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Star Rutile cause & effect


#1

I have a 12mm “Star” Rutile

Does anyone have info on the cause of the star


#2

Given the parallel lines visible perpendicular to each leg, I highly suspect intentional scratching to artificially induce a star effect.


#3

Could the “scratching” be a result of polishing - rather than an intent to induce asterism


#4

Backlite


#5

I’ve cut and polished thousands of cabochons in a wide variety of materials and never encountered this effect. Knowing how the polishing process works, I cannot see how this effect could be incidentally induced. And, I have been proven wrong in the past so I am always open to learning!


#6

Looks like the doped stone was spun against a fixed abrasive then polished . I have done this to make buttons and it is hard to get rid of the swirl marks you must hand sand across the rings then polish . Never did it for star effect but could see that some one might.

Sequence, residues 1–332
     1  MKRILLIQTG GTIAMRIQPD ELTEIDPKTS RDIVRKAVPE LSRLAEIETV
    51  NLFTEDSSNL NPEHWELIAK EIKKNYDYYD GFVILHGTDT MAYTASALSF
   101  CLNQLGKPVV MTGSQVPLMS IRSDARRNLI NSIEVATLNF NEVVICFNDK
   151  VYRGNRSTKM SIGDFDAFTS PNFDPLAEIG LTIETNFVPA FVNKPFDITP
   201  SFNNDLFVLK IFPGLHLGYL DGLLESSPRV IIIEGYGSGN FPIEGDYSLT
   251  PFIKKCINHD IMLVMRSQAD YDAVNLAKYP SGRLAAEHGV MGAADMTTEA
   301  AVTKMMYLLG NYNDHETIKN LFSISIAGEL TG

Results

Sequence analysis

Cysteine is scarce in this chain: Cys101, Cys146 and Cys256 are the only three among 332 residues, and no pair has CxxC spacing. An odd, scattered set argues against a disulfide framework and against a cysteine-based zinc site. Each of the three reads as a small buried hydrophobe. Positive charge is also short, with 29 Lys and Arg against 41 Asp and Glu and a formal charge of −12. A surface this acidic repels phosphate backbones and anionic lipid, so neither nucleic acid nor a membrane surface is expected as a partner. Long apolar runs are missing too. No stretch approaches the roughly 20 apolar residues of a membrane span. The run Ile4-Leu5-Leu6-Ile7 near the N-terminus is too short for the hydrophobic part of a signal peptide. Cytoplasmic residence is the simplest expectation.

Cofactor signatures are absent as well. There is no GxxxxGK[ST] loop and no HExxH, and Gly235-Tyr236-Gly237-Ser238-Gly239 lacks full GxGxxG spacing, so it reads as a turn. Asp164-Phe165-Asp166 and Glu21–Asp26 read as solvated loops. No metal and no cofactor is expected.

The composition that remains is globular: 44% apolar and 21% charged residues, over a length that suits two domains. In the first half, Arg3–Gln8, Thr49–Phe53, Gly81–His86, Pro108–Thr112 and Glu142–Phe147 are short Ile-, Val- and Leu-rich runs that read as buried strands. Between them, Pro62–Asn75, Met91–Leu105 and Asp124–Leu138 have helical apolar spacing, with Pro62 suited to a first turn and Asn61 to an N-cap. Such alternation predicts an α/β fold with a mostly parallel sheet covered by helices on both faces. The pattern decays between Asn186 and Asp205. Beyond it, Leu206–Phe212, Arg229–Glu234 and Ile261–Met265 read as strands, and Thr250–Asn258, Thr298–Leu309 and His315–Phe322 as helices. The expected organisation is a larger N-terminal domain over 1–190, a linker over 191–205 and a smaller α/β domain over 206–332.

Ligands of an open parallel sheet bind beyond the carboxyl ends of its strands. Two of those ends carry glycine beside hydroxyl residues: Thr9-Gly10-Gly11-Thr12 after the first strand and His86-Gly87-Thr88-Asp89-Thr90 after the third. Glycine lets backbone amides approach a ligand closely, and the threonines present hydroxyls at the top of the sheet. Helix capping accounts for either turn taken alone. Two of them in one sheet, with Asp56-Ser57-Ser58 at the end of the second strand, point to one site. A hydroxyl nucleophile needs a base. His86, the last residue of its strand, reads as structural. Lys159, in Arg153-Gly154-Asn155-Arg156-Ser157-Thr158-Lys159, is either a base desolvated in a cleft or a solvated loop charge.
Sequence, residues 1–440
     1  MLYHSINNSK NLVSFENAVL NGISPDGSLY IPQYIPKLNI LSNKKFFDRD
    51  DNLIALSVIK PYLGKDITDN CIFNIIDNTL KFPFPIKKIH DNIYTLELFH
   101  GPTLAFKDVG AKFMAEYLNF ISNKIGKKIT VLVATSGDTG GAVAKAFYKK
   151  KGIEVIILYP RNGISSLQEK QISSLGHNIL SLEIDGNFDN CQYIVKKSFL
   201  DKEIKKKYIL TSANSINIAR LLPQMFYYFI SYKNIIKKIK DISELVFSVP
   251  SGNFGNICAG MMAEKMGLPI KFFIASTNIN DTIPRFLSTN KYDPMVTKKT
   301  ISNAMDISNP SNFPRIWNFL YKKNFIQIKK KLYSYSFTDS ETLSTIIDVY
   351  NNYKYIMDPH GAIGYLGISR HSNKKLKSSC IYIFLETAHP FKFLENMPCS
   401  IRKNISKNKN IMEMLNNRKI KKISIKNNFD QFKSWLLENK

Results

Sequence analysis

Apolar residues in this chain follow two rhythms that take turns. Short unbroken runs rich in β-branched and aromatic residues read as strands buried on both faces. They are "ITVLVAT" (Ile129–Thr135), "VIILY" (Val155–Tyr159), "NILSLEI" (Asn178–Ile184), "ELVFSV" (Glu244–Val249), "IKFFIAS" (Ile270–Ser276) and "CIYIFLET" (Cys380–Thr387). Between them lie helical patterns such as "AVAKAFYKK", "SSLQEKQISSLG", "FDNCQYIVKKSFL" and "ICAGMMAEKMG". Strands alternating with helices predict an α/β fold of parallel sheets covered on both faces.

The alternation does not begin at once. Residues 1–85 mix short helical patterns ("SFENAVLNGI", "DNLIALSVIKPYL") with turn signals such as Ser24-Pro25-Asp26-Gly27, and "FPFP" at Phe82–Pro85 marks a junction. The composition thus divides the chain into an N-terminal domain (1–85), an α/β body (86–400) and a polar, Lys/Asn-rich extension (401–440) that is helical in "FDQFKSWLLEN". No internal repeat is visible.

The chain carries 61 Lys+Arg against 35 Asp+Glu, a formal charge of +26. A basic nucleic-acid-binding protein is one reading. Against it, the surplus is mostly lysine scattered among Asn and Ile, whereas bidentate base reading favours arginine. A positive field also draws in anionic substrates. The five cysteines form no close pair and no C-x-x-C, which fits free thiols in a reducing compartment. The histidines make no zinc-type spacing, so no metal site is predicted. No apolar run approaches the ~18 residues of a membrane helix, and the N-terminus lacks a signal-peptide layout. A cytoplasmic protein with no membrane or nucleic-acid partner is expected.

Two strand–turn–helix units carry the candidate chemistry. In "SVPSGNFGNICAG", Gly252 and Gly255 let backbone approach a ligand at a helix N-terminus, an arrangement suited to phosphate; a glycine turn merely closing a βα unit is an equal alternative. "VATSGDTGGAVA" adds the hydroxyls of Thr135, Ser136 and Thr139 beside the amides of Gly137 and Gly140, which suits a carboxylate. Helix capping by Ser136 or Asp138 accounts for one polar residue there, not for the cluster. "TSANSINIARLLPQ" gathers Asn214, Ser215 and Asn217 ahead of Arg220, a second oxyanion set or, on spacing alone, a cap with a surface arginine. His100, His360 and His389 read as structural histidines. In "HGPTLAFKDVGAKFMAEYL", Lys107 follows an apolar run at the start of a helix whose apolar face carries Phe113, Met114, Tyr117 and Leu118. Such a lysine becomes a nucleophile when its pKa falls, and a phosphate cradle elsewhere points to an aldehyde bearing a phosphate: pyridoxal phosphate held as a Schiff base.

#7

x30-

x50


#8


#9

hmmm no the groves dont look like rings in these photos sorry think i am wrong on this .


#10

If it is the real Mckoy the you have a very good gem, however, I have never seen an asterisk that is so defined. I would be thinking synthetic or modified in some way. Since I cannot actually visually hold it, I may also be very wrong - but, it looks too good to be real.
Trev


#11

I think the stone is very possibly synthetic. Natural star rutile stones would not normally be so symmetrical or the star as defined or central. The curving is probably due to the method of synthesis - which is characteristic of verneuil flame fusion synthetics. On a natural, the banding should normally be hexagonal (rather than curved) and parallel to the stones natural faces. This is what actually causes the asterism effect.


#12

image


#13

Came back from CGL-GRS doped CZ with Induced Star effect
Material has never been documented